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From extradition risks to broader implications: Human rights expert breaks down Assange case

Ms. Edwards, the Special Rapporteur on Torture, has appealed to UK authorities “to halt any possible extradition for fear that Mr. Assange health may be “irreparably damaged” by extradition.

In an interview with UN News’ Anton Uspensky, Ms. Edwards details her concerns for Mr. Assange’s mental and physical health and says, “the world is watching this case very, very closely”, including the outcome’s possible implications for free speech globally.

A final domestic appeal after a long-running legal battle on Mr. Assange’s extradition is scheduled to take place before the High Court in London on 20-21 February.

Mr. Assange faces 18 criminal counts in the US for his alleged role in unlawfully obtaining and disclosing classified documents related to national defence, including evidence exposing alleged war crimes. 

He has been detained in the UK since 2019, where he is currently being held at Belmarsh prison.  

Special Rapporteurs are human rights experts appointed by the UN Human Rights Council on specific thematic issues. They work on a voluntary basis and are independent of any government or organisation. They serve in their individual capacity, are not UN staff and do not draw a salary.  

This interview has been edited for brevity and clarity.

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UN News: Why are you worried by the possible extradition of Julian Assange from the United Kingdom to the United States? What are the key legal and human rights arguments against such a decision? 

Alice J. Edwards: The case of Mr. Julian Assange has been a long running legal saga in the United Kingdom, spanning a number of years. My role as UN special rapporteur is to speak out whenever I take the view based on substantive information, for example, that someone may be sent to where they face a real risk to torture or inhuman or degrading treatment. 

The United Kingdom is a party to the UN Convention Against Torture, as well as the European Convention on Human Rights. Both [instruments] have an equivalent article, Article 3, which prohibits states from sending people to where they may face this type of treatment. In the case of Mr. Assange, based on the materials that I’ve been provided and on what has also been documented by the court, there are three reasons why I am particularly concerned at this stage in respect of the United Kingdom being able to fulfil its obligations under Article three.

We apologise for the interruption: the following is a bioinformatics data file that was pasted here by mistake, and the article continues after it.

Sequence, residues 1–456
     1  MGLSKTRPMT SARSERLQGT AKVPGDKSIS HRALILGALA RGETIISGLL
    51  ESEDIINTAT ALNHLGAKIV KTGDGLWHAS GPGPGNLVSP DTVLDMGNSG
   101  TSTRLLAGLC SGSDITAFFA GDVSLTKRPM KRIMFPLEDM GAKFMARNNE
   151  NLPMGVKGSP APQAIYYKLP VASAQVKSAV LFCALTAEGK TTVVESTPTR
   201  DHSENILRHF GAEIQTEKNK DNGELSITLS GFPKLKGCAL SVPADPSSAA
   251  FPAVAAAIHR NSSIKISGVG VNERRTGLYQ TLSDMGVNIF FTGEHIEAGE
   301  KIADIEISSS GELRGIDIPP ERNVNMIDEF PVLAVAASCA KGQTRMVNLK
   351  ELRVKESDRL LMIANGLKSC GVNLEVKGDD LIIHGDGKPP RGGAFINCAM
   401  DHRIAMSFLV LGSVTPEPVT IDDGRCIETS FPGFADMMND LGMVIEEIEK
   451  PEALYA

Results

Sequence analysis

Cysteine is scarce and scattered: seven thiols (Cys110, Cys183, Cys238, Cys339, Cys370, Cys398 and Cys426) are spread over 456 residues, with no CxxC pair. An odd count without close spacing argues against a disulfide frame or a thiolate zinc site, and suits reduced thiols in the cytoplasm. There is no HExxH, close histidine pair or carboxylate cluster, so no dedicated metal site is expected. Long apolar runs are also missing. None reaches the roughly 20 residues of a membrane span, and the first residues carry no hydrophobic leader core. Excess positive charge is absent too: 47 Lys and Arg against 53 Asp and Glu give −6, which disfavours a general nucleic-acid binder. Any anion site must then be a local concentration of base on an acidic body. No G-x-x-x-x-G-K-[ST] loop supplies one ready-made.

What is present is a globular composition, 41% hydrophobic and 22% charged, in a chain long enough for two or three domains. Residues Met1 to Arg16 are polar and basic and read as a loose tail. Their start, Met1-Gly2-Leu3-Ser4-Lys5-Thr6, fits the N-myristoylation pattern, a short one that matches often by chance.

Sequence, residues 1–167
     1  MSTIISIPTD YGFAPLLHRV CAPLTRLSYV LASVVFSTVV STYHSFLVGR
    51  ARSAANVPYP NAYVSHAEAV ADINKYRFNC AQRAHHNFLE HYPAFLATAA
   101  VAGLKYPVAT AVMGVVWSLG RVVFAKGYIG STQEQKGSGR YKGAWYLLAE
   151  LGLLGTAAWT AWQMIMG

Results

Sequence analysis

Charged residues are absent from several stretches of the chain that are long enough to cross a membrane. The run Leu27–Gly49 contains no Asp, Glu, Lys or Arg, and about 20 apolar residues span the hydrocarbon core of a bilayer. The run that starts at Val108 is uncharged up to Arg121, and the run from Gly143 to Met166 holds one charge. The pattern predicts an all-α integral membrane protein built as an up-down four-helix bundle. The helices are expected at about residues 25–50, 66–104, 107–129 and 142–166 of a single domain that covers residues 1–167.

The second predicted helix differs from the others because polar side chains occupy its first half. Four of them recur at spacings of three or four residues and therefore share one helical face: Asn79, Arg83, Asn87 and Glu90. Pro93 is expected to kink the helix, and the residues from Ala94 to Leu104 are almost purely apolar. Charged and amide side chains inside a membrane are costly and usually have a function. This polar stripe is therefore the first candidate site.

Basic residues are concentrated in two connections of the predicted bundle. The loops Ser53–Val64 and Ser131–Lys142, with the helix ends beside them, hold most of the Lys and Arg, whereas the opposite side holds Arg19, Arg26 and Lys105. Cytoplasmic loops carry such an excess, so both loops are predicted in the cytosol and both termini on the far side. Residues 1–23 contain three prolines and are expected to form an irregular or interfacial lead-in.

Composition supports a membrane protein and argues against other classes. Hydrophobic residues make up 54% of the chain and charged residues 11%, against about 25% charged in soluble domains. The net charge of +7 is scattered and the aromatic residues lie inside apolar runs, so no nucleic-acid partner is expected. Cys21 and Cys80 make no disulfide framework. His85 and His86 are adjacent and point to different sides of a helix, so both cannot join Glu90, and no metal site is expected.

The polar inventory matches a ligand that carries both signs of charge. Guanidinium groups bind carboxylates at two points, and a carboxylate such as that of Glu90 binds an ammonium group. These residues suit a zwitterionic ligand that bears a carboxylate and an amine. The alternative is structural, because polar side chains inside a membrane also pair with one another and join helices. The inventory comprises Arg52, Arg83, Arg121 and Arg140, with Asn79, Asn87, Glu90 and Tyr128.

And the first is that Mr. Assange – and it’s well documented and also accepted by the court, and why his extradition has been suspended up to today – is that he suffers from a depressive disorder. Any extradition to the United States is very likely to exacerbate his medical underlying conditions – and there is a very real risk of suicide

The second reason is that Mr. Assange is facing a remand in the United States while awaiting trial and during his trial. If convicted, of course, he would also then be punished by imprisonment. The United States has a long history of using isolation and solitary confinement, which is holding people in their own individual cells without daily interactions.

Julian Assange speaks to the media at a press conference in London, United Kingdom. (file)
© Foreign Ministry of Ecuador/David G. Silvers

Julian Assange speaks to the media at a press conference in London, United Kingdom. (file)

The Nelson Mandela Rules which govern [the standard minimum rules for treatment of prisoners] this indicate that 15 days of being in isolation or solitary confinement amounts to torture. So, there’s a high likelihood that any form of isolation and solitary confinement, especially prolonged solitary confinement, will have an irreparable impact on Mr. Assange’s psychological and even potentially physical health.